The man, named by his family as Simon Cheng, traveled to Shenzhen, a megacity on the China-Hong Kong border, for a one-day business meeting on August 8.
That night, Cheng returned via high-speed train and sent messages to his girlfriend as he was about to go through customs.
“We lost contact with him since then,” the family said in a Facebook post.
Geng said the employee had violated the Public Security Administration Punishments Law — a law with broad scope aimed at “maintaining public order in society” and “safeguarding public security,” as well as making sure police and security forces act within the law.
The ongoing protests have raised fears of a Chinese crackdown in some form.
The unrest was initially triggered by a controversial law that would allow extradition to the mainland, but has since broadened into a call for wider democratic reforms.
Beijing has repeatedly warned Britain — the former colonial ruler of Hong Kong — against any “interference” in the protests, which erupted 11 weeks ago and have seen millions of people hit the streets calling for democratic reforms.
“Recently the UK has made many erroneous remarks about Hong Kong,” Geng said at the press briefing Wednesday.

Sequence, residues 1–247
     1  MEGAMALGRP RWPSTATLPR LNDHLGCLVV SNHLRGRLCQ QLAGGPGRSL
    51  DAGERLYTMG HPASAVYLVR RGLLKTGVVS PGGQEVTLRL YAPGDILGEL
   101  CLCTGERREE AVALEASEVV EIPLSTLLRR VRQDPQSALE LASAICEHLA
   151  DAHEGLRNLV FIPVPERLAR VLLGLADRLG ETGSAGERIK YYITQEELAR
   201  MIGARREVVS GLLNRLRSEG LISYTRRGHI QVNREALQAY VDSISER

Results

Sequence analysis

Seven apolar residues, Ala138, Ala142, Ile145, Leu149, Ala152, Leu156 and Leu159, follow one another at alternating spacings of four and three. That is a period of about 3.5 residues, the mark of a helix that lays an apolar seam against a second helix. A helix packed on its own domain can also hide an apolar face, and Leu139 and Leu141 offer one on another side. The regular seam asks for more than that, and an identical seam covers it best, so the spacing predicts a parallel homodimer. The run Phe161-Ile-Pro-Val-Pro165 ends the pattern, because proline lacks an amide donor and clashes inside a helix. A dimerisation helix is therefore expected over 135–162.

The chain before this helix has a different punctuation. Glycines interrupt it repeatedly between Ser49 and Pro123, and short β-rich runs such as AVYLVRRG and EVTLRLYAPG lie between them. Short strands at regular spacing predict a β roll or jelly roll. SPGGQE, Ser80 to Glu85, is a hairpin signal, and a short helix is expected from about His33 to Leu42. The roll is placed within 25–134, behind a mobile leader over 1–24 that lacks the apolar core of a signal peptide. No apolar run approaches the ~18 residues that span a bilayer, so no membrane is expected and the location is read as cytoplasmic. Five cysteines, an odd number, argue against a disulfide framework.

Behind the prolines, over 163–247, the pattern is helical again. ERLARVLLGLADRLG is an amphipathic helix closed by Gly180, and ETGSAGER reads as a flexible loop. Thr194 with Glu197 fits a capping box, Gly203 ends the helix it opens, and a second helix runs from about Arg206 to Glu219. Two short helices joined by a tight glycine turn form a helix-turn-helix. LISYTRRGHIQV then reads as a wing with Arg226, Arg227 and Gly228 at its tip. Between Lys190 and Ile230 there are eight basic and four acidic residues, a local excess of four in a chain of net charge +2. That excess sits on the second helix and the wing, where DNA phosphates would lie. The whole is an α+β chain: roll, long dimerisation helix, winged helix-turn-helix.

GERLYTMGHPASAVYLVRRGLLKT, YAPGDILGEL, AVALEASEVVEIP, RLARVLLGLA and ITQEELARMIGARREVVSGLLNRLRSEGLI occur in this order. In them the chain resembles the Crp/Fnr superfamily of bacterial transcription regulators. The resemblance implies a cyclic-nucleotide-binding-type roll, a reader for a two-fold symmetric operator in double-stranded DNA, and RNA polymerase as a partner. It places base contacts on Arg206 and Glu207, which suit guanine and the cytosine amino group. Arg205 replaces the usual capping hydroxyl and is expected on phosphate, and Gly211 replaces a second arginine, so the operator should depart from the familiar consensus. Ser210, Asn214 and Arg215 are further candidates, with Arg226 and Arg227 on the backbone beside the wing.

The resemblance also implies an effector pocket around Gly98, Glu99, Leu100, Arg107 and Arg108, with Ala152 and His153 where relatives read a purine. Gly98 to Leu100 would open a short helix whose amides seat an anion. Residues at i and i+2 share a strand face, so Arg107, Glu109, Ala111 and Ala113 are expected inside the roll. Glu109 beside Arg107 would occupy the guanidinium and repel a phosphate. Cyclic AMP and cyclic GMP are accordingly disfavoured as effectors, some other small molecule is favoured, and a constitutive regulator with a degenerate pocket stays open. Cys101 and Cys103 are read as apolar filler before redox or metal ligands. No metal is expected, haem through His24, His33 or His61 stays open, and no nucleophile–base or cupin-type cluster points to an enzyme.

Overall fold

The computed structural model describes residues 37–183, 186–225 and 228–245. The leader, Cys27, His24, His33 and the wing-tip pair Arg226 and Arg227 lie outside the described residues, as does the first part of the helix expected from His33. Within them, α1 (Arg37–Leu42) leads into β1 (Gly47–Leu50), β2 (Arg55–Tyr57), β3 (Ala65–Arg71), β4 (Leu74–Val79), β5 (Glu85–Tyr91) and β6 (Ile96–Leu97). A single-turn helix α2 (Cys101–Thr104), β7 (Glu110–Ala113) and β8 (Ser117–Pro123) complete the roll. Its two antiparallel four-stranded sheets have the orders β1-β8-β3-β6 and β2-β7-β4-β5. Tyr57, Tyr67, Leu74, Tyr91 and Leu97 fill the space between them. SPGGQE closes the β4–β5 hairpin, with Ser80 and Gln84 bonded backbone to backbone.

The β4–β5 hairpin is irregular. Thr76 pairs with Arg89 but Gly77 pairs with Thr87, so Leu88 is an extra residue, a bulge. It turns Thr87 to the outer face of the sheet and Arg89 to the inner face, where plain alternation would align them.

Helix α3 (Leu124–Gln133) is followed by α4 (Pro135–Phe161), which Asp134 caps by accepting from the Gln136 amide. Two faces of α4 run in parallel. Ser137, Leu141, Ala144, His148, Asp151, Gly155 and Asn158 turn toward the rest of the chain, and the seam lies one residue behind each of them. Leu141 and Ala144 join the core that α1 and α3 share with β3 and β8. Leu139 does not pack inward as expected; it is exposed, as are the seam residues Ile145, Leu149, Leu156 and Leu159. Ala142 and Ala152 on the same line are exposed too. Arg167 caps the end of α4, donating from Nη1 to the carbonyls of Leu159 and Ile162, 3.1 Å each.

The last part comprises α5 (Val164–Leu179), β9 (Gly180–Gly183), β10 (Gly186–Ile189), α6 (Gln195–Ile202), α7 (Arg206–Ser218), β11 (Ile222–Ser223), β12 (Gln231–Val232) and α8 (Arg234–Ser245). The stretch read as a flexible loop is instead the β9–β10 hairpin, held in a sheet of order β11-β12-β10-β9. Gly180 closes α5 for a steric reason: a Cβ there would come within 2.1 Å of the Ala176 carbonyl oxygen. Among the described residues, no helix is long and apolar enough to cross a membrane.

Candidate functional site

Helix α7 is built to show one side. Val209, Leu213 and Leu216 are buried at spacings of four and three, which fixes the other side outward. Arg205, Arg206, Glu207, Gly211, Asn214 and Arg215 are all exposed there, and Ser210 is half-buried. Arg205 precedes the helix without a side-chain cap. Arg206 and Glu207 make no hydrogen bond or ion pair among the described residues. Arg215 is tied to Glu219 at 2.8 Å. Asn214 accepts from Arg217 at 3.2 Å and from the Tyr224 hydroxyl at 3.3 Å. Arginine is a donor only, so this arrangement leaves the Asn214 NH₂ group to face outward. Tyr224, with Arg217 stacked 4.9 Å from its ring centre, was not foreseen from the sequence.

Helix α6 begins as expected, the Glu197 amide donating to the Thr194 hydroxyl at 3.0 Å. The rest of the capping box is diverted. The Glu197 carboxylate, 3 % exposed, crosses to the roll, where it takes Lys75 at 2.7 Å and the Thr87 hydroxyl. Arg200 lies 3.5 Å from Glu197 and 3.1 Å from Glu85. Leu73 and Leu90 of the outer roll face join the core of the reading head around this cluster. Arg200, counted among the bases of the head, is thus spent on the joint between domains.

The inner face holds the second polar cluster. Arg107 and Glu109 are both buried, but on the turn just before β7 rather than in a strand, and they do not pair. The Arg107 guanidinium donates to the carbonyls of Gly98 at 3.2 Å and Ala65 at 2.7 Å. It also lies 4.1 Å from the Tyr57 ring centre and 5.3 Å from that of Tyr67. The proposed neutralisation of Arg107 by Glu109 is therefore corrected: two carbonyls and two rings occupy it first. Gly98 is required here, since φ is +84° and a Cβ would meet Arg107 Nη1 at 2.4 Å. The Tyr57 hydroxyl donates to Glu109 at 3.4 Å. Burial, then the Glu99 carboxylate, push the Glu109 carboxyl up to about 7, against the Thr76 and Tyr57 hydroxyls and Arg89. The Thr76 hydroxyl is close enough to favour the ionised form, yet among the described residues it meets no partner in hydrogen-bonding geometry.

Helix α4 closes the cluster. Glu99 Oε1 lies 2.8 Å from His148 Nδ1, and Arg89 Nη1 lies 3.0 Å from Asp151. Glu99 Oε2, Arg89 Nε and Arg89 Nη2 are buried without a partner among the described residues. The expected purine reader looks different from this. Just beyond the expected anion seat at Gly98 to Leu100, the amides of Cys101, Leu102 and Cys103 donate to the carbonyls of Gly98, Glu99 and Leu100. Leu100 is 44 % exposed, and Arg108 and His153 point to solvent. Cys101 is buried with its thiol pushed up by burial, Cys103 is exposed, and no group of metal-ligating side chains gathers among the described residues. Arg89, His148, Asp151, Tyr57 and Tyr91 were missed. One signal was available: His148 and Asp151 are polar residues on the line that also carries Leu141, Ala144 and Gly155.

“We once again urge the British side to stop gesticulating and fanning flames on the Hong Kong issue.”
With Beijing attempting to shape the narrative of the unrest in Hong Kong, Chinese authorities have increased their inspections at the Shenzhen border, including checking the phones and devices of some passengers for photos of the protests.
The mainland metropolis of Shenzhen sits behind China’s “Great Firewall” --which restricts access to news and information — while Hong Kong enjoys liberties unseen on the mainland.
China promised to respect the freedoms in the semi-autonomous territory after its handover from Britain in 1997, including freedom of speech, unfettered access to the Internet and an independent judiciary.
Beijing also faced criticism in the past for detaining foreign nationals amid ongoing diplomatic spats.
Ottawa has urged Beijing to release two Canadian citizens detained in December amid escalating diplomatic tensions between the two countries.
Michael Kovrig and Michael Spavor were detained amid a diplomatic crisis sparked by the arrest of Meng Wanzhou, chief financial officer for Chinese tech giant Huawei, in Vancouver on a US extradition bid.
Former diplomat Kovrig and consultant Spavor were picked up in China on suspicion of espionage days after her arrest, in a move widely seen as retaliation.
Friends of the missing employee staged a protest outside the British Consulate in Hong Kong on Wednesday afternoon to pressure the UK government to “save Simon.”
“Hong Kong people are still fighting to oppose the extradition bill, yet something like this happened without such a bill,” organizer Max Chung told AFP.
“If the Beijing government doesn’t explain to the public why this happened, then it is playing with fire. This is a warning to Hongkongers and to whoever wants to come to Hong Kong.”
Chung told the rally that “to our best understanding” his detained friend had not been involved with the ongoing protests that have engulfed the financial hub.
“Simon is a very good guy, and smart guy... I don’t think he would do anything stupid,” he added.